A new take on carving: the Dynamically Augmenting Wheel System
March 13, 2009 The notion of “carving” to improve a vehicle's handling whilst negotiating a corner is not new but this concept design from Charles Pyott known as the Dynamically Augmenting Wheel System, or simply DAWS, takes the idea in a new direction by changing the shape of the actual wheel to achieve its objectives.
The principal of carving in the motor industry can be explained simply as placing the wheels and/or the center of gravity of the vehicle in such a position as to counteract the centrifugal (outward) force generated from the turn, thus improving the '.
An example of the effectiveness of being able to change the vehicle's center of gravity to counteract the outward forces generated whilst in a sharp turn, comes from a comparison of a car versus the motorcycle. A relatively flat car tire offers plenty of traction due to the large surface area in contact with the road surface. However when the conventional car turns sharply it can’t alter its center of gravity to counteract the outward force and it tends to loose traction and slide. A motorcycle however, with its rounded tires, allows for leaning into the corner and more effectively counteracting the outward force.
We have seen many three and four wheel vehicles in recent years that use the principals of carving to improve handling during cornering. These include Hybrid carving 3 wheeler which allows the body to tilt whilst cornering, Piaggos carving three-wheel bike which features two independently suspended tilting front wheels and the Mercedes F400 carving system which includes active wheel camber control and even a four wheeled carving recumbent bike.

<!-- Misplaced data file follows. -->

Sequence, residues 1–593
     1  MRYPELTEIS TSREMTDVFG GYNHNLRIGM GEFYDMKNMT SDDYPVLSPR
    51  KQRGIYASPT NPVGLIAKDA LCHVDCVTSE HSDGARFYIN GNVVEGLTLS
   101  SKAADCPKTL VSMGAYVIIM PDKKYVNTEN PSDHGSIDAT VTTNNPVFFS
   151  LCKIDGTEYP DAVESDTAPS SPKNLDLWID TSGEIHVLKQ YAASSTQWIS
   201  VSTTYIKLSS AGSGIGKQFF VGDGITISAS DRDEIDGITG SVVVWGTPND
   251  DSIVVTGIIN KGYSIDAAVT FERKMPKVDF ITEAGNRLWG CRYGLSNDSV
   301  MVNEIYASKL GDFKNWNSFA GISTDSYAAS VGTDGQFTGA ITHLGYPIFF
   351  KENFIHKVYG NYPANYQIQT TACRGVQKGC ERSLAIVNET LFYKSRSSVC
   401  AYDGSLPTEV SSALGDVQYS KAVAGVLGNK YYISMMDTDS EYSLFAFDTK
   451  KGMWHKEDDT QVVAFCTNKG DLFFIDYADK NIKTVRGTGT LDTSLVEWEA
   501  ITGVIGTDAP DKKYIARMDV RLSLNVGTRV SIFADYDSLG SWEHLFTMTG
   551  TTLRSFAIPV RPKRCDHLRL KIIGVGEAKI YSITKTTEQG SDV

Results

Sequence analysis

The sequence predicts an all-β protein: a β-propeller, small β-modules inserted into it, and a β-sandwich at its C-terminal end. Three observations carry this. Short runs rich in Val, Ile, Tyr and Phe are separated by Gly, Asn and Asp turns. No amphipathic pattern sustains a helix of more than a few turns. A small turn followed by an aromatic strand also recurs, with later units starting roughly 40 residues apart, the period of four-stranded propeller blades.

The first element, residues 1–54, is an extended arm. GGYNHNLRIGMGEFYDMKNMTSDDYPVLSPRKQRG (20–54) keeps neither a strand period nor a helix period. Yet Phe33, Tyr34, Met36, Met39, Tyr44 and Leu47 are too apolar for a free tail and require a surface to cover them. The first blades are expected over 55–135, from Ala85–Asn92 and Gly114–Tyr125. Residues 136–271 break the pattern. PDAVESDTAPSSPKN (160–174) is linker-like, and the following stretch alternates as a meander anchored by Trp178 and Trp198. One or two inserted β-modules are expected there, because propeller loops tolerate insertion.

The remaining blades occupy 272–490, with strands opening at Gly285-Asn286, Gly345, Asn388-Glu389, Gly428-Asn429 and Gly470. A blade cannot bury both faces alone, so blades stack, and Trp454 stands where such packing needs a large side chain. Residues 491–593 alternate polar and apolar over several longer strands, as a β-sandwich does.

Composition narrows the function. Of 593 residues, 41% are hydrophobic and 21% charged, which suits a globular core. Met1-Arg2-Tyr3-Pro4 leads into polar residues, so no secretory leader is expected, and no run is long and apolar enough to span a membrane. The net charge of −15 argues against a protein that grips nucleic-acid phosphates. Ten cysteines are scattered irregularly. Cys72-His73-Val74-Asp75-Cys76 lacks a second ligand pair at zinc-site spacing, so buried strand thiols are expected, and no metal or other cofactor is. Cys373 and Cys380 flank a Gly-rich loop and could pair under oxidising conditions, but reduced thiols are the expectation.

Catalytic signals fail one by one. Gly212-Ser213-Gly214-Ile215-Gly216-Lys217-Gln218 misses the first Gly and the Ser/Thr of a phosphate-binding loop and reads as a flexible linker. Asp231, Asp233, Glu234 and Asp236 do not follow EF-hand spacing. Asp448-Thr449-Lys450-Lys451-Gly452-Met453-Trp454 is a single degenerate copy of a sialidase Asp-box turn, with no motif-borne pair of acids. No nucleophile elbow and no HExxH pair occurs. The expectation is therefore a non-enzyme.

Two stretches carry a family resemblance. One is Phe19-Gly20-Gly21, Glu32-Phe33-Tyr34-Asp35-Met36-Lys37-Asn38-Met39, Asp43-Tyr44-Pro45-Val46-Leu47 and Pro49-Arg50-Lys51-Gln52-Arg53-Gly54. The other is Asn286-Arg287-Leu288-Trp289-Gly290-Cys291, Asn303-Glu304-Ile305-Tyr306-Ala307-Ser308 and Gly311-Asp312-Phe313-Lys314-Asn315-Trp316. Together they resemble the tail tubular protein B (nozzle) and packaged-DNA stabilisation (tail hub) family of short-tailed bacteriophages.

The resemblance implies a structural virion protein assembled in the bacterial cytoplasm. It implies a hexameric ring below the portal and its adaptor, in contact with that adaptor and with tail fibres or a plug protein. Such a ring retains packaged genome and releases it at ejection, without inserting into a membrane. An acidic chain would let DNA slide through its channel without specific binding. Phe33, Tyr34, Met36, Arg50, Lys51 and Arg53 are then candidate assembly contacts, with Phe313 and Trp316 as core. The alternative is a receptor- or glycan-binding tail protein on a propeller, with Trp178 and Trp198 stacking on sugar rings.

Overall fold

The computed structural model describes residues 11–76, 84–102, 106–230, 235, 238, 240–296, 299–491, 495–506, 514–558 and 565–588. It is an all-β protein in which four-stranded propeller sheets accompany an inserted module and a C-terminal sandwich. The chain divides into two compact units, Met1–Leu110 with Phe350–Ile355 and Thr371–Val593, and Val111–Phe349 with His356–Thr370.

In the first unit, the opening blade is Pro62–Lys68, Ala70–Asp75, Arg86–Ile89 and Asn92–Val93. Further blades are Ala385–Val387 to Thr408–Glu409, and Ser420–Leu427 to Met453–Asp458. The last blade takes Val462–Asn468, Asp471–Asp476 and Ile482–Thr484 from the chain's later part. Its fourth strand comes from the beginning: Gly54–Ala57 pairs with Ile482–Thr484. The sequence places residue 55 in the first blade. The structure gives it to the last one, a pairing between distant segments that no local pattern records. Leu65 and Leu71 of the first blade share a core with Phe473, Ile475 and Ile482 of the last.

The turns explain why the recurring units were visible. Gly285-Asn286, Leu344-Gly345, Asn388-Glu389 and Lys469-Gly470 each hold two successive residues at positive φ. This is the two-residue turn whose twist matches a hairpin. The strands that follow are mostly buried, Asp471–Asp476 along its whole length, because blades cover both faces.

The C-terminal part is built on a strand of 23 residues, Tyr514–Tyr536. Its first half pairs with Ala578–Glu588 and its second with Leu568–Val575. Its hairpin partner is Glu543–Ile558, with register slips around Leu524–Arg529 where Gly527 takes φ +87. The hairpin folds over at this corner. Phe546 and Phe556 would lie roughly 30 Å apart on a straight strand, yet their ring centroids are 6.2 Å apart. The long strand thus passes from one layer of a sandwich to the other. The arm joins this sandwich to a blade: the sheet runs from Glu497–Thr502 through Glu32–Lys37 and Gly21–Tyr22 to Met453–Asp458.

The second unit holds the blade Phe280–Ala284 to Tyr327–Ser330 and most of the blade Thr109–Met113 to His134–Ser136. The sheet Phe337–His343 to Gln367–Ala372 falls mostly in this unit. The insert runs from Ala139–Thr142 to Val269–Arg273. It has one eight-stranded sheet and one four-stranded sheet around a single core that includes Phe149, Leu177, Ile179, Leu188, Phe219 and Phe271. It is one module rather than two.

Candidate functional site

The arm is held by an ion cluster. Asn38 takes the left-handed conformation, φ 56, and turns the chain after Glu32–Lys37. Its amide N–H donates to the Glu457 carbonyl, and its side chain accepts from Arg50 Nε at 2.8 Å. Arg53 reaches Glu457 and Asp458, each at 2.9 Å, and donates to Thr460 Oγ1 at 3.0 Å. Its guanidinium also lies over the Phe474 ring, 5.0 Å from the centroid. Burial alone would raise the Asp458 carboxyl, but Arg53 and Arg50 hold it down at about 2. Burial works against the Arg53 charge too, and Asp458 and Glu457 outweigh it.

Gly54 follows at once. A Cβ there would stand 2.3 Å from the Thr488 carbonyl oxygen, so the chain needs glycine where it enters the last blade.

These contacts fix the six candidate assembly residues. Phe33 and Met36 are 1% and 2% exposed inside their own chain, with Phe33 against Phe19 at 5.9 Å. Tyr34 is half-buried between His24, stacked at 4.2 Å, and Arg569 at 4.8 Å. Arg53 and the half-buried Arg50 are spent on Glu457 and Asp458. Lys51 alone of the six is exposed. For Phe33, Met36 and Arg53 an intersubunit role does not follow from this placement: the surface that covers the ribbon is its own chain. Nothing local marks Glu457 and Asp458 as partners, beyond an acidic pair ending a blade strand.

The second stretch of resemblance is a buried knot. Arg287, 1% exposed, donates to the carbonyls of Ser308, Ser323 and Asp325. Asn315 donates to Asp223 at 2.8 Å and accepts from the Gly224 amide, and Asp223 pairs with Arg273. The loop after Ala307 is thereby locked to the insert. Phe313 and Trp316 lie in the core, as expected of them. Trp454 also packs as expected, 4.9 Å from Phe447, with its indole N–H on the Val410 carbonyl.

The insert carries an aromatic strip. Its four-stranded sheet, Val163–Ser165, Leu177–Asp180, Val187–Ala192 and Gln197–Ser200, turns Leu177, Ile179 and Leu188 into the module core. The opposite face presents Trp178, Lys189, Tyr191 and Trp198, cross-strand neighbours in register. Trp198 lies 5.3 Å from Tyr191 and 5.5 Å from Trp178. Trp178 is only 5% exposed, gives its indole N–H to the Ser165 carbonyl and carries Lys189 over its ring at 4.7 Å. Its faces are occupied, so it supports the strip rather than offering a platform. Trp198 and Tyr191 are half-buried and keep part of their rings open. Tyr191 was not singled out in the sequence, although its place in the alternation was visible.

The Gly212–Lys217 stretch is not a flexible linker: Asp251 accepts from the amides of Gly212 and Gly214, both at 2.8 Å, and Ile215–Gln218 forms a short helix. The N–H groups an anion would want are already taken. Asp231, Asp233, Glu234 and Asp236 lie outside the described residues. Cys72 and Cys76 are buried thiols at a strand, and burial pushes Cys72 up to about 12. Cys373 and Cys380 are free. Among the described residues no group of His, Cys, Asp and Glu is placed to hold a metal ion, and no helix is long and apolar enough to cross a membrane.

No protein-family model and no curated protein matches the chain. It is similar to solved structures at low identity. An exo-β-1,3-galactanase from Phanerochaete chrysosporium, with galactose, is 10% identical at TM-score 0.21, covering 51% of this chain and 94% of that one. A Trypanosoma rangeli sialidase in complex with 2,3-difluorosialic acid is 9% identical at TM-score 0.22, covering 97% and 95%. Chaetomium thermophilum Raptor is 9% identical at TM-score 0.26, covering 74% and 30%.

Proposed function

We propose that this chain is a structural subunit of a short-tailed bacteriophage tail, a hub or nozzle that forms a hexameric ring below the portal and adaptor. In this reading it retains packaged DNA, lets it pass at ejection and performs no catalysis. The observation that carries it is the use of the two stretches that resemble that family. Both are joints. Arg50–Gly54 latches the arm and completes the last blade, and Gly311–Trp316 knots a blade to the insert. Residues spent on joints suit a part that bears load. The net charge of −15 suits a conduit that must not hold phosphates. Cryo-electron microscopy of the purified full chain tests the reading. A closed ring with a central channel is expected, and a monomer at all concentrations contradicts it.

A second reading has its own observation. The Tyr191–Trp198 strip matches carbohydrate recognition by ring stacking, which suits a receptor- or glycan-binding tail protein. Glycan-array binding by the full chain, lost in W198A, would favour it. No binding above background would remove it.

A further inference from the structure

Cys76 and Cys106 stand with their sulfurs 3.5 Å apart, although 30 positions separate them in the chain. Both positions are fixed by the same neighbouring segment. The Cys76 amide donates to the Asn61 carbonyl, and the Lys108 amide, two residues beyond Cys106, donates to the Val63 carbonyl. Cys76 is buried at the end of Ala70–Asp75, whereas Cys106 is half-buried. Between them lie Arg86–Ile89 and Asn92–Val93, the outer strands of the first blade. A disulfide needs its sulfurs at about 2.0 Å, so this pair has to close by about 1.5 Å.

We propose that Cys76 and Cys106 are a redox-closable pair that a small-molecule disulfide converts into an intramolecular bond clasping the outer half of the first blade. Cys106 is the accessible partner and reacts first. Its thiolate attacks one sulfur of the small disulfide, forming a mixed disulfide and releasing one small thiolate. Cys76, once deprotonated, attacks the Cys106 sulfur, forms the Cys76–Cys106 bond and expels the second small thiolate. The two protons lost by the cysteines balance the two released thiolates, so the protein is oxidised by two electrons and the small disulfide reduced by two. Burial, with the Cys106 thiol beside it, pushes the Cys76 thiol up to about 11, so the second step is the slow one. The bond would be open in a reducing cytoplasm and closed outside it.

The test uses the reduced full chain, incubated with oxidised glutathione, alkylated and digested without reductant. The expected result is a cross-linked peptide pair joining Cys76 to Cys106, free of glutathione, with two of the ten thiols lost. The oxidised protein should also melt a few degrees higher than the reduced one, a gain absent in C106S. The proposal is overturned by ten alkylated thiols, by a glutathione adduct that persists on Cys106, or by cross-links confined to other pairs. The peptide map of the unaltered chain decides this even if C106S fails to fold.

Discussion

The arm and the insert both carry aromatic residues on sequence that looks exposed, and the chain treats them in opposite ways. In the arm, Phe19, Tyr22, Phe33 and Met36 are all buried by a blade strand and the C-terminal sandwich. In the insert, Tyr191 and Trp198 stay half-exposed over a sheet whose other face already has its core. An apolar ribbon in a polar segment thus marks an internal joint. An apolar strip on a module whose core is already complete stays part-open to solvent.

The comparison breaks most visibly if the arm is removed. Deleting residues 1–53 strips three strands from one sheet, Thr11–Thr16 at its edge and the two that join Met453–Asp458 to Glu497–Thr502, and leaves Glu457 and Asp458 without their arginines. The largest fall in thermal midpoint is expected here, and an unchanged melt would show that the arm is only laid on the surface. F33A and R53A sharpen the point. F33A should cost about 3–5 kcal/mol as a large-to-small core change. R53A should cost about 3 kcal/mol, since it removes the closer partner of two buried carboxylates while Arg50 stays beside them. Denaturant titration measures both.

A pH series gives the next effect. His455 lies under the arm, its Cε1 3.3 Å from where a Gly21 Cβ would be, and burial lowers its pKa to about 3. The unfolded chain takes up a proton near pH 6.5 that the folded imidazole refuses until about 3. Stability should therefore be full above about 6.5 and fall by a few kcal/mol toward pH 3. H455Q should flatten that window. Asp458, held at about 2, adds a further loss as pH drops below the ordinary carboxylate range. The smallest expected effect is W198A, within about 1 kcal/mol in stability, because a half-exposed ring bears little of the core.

And now along comes the DAWS, which takes a radically different approach to achieve its end by altering the shape of the wheel.
Designer Charles Pyott’s set out to create a wheel system that would facilitate a shift in center of gravity without a loss of traction. His DAWS concept achieves this by having the wheel featuring eight independent segments that are guided in a lateral direction on a liner bearing at the hub - sort of like taking to the wheel with a pizza slicer. The idea is to enable the whole vehicle to shift and maintain traction without decreasing tire footprint area in contact with the road. In summary
Having a vehicle that can carve or tilt into a corner makes good sense. However the prospect of all the moving parts within the DAWS system and the resulting load on the wheel during cornering, may prove to create some real challenges in the engineering prototype phase. We wish them well!